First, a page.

Priced from £9,920, the Roomster is expected to appeal to families, active people of all ages and the existing loyal customer base. Skoda expects around 30% of buyers will come from its existing models, especially Fabia estate. It means a hefty 70% are expected to be conquest sales.
Offering the same space as the likes of Citroën Picasso and Renault Scenic, but priced more closely to the Nissan Note end of the market, Skoda feels its new model straddles the market in a uniquely Škoda way.
Product marketing manager Warren Richards says: 'Skoda is now equal partners in terms of design and development within the group. We are no longer in the shadow of Volkswagen and are free to do what we want.'
Proof of this can be seen in a radical departure from the VW Group’s platform sharing strategy. In order to match as closely as possible the concept first shown in Frankfurt three years ago, Roomster represents Skoda’s first foray into modular construction.
Put simply, the front of the car’s underpinnings are from the Fabia, the middle section is bespoke built, and the rear section is from the Octavia.
This synthesis has resulted in a car that fulfils its promise of offering a ‘driving room’ up front and a ‘living room’ at the rear.
This means a car-like driving experience, with seating position, visibility and ergonomics all ticking the right boxes; while passengers enjoy ample space, innovative VarioFlex seating and acres of airiness-inducing glass, especially if the model has a panoramic sunroof.
Skoda has decided to drop its Classic, Ambient and Elegance trim levels. Instead it has gone for what it hopes is a more simplistic approach: the new vehicle is available as either Roomster 1, 2, or 3.
A 1.9 diesel and 1.4 petrol are available from launch, with the diesel undoubtedly the pick of the two thanks to its superior performance and economy. A 1.2 petrol and two 1.4 diesel derivatives will complete the range in early 2007.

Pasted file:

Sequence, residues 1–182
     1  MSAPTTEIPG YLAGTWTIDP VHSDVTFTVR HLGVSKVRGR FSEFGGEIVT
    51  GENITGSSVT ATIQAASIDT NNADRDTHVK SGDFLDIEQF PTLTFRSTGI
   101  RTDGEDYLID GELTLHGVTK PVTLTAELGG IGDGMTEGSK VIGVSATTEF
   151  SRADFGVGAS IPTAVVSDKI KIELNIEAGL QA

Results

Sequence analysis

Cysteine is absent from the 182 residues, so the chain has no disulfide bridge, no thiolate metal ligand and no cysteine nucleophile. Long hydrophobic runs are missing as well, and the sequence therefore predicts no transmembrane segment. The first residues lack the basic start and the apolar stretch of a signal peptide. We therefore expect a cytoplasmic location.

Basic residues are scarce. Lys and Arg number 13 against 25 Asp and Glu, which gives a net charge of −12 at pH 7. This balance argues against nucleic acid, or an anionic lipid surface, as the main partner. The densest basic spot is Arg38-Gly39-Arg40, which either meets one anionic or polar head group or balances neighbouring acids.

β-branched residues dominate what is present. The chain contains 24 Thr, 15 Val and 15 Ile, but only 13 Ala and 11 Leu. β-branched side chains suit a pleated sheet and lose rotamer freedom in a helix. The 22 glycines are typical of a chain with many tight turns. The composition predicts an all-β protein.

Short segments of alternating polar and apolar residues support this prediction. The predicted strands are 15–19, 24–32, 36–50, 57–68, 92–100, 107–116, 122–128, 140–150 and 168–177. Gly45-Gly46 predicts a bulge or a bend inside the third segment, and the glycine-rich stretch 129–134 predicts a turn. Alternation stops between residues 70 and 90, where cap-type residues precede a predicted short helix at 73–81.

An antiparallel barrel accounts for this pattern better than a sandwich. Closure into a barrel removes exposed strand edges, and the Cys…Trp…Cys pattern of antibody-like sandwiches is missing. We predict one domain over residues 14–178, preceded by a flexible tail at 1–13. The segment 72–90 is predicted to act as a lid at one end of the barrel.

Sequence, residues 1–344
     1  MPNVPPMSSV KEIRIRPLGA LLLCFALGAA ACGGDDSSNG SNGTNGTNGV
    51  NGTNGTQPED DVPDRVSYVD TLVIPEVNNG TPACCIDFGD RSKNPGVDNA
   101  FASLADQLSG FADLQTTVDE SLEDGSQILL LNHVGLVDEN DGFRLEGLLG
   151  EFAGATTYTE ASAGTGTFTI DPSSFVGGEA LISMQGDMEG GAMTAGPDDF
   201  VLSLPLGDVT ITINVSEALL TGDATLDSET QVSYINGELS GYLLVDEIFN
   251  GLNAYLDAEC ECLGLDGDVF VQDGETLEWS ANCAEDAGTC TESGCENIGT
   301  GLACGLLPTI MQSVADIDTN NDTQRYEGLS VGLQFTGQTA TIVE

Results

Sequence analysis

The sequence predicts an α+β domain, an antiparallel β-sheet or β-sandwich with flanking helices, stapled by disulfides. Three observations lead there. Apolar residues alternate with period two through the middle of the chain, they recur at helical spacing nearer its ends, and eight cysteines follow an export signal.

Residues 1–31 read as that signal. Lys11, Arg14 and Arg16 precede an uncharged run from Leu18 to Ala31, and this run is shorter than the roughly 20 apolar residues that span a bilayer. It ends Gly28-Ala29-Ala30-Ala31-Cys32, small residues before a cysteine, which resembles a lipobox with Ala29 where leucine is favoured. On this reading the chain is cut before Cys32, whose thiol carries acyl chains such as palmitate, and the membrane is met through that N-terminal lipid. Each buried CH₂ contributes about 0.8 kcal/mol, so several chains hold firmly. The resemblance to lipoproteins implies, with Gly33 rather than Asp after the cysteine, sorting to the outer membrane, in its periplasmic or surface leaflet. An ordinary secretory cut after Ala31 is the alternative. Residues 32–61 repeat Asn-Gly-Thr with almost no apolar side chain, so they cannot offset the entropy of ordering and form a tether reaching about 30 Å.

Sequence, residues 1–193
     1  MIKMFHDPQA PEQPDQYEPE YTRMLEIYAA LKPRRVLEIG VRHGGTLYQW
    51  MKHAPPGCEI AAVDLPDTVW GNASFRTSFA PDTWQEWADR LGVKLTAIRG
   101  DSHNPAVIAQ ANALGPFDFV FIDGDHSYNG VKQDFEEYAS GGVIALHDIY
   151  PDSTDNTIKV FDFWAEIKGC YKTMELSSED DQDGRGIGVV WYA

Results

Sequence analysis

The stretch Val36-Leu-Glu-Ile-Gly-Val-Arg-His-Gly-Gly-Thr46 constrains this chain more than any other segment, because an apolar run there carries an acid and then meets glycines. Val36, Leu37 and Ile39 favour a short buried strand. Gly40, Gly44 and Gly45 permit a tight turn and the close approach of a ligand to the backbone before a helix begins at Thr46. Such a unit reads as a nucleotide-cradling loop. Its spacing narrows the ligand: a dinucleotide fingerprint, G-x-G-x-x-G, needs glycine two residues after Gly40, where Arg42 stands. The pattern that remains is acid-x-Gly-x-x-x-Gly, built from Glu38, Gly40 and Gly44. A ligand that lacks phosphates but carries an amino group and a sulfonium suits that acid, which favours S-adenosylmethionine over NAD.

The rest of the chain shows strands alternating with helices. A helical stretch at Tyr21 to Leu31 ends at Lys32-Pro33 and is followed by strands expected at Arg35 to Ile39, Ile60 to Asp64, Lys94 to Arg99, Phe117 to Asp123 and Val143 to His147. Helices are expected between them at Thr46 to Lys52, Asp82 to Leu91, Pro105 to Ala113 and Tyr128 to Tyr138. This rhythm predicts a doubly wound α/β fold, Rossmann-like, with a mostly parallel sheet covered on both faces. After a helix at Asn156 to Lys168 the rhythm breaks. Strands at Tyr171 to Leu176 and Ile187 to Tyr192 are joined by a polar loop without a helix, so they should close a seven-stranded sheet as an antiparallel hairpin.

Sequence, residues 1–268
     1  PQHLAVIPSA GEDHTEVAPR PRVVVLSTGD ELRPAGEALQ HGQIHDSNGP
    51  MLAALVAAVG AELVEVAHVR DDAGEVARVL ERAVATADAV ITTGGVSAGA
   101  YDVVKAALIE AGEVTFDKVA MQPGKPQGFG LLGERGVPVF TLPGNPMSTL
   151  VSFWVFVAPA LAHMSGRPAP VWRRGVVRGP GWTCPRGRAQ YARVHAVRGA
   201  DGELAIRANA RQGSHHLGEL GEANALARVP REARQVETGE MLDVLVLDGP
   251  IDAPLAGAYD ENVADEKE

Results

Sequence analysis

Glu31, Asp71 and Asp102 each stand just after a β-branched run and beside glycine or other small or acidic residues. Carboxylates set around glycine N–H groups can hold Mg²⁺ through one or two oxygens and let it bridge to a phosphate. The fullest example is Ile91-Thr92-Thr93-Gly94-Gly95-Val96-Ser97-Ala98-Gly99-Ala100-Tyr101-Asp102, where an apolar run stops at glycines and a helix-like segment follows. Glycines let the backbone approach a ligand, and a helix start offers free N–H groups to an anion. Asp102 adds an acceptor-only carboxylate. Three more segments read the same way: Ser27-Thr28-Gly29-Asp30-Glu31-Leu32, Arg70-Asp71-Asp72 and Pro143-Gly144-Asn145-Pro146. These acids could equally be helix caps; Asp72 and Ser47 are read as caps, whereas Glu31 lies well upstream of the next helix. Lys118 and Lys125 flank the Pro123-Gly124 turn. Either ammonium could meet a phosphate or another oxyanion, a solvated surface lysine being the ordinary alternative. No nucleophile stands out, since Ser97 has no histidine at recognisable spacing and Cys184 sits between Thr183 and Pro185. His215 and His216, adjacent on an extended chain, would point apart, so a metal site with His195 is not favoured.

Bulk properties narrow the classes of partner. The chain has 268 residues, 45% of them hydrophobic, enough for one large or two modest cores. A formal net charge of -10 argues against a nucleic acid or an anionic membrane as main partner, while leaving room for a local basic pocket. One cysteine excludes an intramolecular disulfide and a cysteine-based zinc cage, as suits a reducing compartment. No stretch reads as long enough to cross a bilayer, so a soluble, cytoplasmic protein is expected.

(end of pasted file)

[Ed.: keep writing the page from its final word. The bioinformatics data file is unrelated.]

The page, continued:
#AM_ART_SPLIT# Skoda dealers are entering a bountiful period. New Fabia arrives next year, new Octavia in 2008 and the oddly-named Yeti in 2009; all of which will incorporate the new grille and headlight design featured in the Roomster. The MPV is a brave car that clearly shows the manufacturer’s confidence in its brand and its ability to convert sceptics.
Behind the wheel
The Roomster aims to provide a gratifying driving experience at the same time as offering passengers versatility and comfort. And it makes a pretty good job of it. Up front the ergonomics are good, with a height and reach adjustable wheel and height adjustable driver’s seat.
The Roomster handles well despite its unavoidably higher centre of gravity. Of the two cars on test, the 105bhp 1.9-litre diesel was by far the better engine; the 85bhp 1.4-litre petrol makes for less relaxed driving – the engine itself often sounds strained. It does beg the question how well the 1.2-litre unit will cope, especially fully laden.
Engines: 1.2 12v 70bhp; 1.4 16v 85bhp; 1.6 16v 105bhp; 1.4TDI 70bhp; 1.4TDI 80bhp; 1.9TDI 105bhp
Performance (as tested): 1.4 16v
0-62mph: 13sec, top speed 106mph. 1.9 TDI 0-62mph 11.5sec, top speed 113mph
Transmission: Five-speed manual (6-speed Tiptronic to follow in 1.6 petrol)
Efficiency: 40.9-51.4mpg; 149-168g/km CO2
CAP 3yr/30k: 1.4 16v £3,975, (39%)
Rivals: Renault Scenic, Citroën Picasso, Vauxhall Meriva, Nissan Note
Strength: Price, versatility, distinctive styling
Weakness: Distinctive styling
Opportunity: Conquest sales
Threat: New ‘face’ of Škoda fails to lure new customers USP: A living room on wheels